• The Child Autism Rating Scale (CARS),
• Autism Detection in Early Childhood (ADEC),
• The Social Communication Questionnaire (SCQ),
• The Autism Diagnostic Observation Schedule (ADOS), and
• The Autism Diagnostic Interview — Revised (ADI-R)
In addition, psychologists often administer more general tests to gather information about the child’s developmental level and intellectual functioning such as:
• Psychoeducational Profile (PEP),
• Mullen Scales of Early Learning,
• Weschler Pre-school and Primary Scale of Intelligence (WPPSI),
• Wechsler Intelligence Scale for Children (WISC),
• Universal Nonverbal Intelligence Test, and
• Stanford-Binet Intelligence Test.
Psychologists also administer scales of adaptive functioning, such as the Vineland Adaptive Behaviour Scales.
Formal assessment provides the psychologist with a more comprehensive understanding of children’s difficulties, their intellectual abilities, and how they cope in everyday situations.
The psychologist considers the information collected during the assessment to determine if the child meets the criteria for autistic disorder, Asperger’s syndrome, or PDD-NOS — or whether a different diagnosis or further assessment is warranted.
What kind of treatments do psychologists provide?
The information collected during the assessment also assists the psychologist in the development of a treatment plan that is tailored to the child’s needs.
Intervention by a psychologist is important for children with an ASD. Psychologists use a range of techniques including behavioural strategies, skills training, and emotional regulation to help children with ASD cope better in their everyday lives. Psychologists:
• use behavioural interventions to reduce specific behaviours that are undesirable, while simultaneously promoting new behaviours and skills that are desirable;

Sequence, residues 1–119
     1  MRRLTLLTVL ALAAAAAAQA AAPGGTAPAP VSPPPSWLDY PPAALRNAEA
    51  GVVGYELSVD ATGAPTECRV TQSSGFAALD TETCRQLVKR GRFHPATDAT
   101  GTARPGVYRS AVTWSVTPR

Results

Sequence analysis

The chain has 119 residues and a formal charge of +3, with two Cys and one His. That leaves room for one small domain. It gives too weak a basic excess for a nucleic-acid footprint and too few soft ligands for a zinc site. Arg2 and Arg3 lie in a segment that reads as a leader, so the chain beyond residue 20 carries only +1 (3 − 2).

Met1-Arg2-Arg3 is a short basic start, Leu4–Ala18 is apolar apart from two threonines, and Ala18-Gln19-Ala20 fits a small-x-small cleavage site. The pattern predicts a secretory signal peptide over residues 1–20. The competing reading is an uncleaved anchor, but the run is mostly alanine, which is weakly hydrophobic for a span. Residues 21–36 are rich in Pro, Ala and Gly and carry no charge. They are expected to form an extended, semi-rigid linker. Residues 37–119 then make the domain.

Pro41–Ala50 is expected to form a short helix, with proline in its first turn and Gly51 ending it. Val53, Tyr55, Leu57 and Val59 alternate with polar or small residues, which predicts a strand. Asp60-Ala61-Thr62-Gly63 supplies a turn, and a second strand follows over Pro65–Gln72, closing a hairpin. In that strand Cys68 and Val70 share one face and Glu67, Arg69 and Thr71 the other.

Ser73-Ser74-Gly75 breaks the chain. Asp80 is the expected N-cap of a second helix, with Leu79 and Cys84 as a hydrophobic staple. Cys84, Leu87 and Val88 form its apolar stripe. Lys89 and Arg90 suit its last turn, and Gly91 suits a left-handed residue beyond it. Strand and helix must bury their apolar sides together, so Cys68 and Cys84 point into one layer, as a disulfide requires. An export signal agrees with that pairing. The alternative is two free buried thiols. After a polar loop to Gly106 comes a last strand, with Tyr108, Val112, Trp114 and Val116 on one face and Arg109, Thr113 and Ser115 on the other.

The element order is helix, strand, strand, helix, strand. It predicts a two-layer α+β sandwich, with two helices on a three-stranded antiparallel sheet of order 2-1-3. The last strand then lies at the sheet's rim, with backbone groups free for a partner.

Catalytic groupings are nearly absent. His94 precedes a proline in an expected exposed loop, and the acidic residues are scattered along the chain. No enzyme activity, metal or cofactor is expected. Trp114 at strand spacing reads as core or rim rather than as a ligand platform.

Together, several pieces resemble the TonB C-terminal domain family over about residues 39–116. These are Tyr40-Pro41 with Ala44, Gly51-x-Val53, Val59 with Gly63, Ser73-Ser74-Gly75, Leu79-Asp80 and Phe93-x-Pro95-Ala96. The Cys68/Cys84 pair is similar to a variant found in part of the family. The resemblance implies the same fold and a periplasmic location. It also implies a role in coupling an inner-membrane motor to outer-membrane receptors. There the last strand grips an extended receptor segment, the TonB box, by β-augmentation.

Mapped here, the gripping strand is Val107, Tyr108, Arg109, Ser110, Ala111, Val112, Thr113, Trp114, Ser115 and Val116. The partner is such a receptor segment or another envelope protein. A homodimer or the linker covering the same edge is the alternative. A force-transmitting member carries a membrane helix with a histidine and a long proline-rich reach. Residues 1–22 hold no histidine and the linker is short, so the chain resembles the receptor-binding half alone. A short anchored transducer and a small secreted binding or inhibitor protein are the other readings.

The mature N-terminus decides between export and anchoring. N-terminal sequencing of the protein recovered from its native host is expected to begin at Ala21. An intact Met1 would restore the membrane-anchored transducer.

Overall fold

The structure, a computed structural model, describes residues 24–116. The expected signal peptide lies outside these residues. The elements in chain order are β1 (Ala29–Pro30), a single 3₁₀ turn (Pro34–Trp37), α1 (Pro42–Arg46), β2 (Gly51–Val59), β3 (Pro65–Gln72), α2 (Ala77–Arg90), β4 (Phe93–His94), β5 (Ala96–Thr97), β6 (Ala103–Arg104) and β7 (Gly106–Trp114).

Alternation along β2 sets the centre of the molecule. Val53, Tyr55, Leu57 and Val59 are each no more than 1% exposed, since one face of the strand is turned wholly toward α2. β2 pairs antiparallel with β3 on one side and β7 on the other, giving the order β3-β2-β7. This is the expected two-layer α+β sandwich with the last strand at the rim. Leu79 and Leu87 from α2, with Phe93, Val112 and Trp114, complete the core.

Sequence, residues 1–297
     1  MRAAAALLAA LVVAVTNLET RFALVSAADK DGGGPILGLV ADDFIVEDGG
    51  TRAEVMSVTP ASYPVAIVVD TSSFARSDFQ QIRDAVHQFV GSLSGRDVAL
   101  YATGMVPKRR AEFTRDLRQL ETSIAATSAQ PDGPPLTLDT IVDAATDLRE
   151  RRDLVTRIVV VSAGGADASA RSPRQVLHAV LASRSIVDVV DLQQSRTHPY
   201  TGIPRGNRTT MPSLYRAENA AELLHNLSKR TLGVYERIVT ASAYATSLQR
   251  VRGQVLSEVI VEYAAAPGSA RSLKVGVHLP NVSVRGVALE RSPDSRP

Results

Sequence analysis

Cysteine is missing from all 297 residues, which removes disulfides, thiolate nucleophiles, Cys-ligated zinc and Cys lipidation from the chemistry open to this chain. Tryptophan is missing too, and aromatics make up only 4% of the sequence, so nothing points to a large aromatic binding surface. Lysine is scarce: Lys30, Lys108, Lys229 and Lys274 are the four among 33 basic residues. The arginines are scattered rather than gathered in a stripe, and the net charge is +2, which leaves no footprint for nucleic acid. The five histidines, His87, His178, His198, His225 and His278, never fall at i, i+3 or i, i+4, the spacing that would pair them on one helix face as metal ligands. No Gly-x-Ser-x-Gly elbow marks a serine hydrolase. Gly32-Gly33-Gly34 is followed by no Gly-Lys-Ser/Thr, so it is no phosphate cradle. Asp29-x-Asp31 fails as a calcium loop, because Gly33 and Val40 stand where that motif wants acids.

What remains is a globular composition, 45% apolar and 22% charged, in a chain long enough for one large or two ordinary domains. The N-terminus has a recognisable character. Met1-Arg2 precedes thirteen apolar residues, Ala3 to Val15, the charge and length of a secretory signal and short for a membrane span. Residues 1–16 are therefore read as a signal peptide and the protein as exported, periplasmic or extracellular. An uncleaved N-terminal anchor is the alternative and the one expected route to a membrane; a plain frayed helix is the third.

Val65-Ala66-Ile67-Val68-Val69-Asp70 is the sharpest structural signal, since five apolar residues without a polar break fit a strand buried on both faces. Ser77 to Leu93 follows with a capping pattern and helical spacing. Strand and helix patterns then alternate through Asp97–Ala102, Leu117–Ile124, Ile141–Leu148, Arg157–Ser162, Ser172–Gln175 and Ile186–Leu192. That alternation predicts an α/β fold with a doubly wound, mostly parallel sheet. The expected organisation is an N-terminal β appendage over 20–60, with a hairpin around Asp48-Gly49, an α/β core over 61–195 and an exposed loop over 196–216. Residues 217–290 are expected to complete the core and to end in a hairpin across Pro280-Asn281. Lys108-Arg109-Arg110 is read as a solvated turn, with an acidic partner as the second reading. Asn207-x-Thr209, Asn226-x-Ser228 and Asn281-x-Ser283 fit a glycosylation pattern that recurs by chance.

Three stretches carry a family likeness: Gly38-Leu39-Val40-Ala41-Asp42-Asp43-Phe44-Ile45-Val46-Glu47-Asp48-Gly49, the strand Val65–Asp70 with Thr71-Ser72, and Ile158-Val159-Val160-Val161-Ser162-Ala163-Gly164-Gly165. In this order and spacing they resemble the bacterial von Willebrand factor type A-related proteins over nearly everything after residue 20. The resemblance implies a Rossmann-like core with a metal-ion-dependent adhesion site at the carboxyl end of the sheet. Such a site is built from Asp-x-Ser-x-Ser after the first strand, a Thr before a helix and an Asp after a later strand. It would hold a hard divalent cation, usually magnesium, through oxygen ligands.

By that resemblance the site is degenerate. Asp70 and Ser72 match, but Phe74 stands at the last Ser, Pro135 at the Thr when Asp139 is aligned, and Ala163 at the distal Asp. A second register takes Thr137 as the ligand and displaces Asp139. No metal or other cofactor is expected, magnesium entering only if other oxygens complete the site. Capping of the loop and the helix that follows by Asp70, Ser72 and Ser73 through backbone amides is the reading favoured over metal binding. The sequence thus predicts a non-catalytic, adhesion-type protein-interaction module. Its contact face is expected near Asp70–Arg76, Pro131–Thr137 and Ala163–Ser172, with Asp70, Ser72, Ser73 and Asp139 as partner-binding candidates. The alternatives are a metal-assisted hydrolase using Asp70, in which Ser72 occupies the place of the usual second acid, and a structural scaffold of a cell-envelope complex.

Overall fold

• provide social skill development using behavioural strategies and interventions such as social/behavioural scripts, role-play, and social stories to:
o improve interaction and communication skills including making eye contact, using appropriate greetings, developing listening and turn-taking skills;
o develop children’s awareness of their difficulties and emotions, and to increase understanding of social cues and conventional behaviour;
• work with parents, other carers, and professionals such as teachers to provide them with strategies to assist the child function better in the home, school and other environments;
• help children with ASD to manage their anxiety levels. Because children with ASD have difficulty understanding their environment and the behaviour of others, they are at risk of developing anxiety disorders. Psychologists work with children who have ASD, as well as with their families and other carers, to teach them how they can monitor and reduce anxiety;
• assist children throughout development as children with ASD often experience difficulties with transitions such the first year of school or entry into adolescence.